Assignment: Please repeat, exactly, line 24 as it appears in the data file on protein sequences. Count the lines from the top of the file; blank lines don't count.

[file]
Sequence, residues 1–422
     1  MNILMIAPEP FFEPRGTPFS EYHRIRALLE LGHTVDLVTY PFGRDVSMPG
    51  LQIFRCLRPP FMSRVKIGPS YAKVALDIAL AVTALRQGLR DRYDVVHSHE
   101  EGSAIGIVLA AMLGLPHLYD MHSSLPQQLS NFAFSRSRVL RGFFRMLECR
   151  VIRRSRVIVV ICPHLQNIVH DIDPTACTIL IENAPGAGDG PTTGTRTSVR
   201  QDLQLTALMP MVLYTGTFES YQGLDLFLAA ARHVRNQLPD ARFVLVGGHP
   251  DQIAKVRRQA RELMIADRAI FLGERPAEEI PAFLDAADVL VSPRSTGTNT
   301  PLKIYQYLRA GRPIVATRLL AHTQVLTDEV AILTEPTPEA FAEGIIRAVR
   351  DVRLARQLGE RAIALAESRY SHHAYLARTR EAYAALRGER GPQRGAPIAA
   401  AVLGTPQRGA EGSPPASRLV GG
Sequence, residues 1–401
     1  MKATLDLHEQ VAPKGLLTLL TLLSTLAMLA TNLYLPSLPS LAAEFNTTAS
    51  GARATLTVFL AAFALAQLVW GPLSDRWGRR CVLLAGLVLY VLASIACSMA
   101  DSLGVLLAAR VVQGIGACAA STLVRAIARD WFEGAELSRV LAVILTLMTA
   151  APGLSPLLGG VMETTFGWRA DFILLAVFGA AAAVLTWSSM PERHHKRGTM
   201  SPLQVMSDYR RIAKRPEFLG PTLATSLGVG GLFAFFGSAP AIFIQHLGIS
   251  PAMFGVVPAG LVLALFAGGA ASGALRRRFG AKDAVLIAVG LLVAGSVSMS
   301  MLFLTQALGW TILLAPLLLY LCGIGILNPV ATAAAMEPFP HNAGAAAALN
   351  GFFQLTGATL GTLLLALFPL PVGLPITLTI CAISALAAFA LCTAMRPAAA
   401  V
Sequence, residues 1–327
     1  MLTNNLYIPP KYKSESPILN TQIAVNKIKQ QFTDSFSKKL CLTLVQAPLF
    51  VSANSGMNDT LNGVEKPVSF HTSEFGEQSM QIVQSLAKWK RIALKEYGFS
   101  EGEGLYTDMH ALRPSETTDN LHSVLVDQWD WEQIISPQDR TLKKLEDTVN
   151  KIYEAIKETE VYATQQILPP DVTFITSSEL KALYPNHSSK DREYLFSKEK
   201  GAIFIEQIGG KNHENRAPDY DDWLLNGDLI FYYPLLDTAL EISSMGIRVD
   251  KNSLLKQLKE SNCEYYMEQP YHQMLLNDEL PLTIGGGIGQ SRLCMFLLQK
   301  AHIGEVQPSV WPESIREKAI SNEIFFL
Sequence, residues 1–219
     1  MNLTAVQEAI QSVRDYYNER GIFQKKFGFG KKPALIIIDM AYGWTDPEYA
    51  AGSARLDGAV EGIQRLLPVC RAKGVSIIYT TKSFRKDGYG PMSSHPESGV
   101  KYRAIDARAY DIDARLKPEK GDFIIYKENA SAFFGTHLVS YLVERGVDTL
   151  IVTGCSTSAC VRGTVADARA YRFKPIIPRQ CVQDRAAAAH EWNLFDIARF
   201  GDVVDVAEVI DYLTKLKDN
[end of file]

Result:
   101  EGEGLYTDMH ALRPSETTDN LHSVLVDQWD WEQIISPQDR TLKKLEDTVN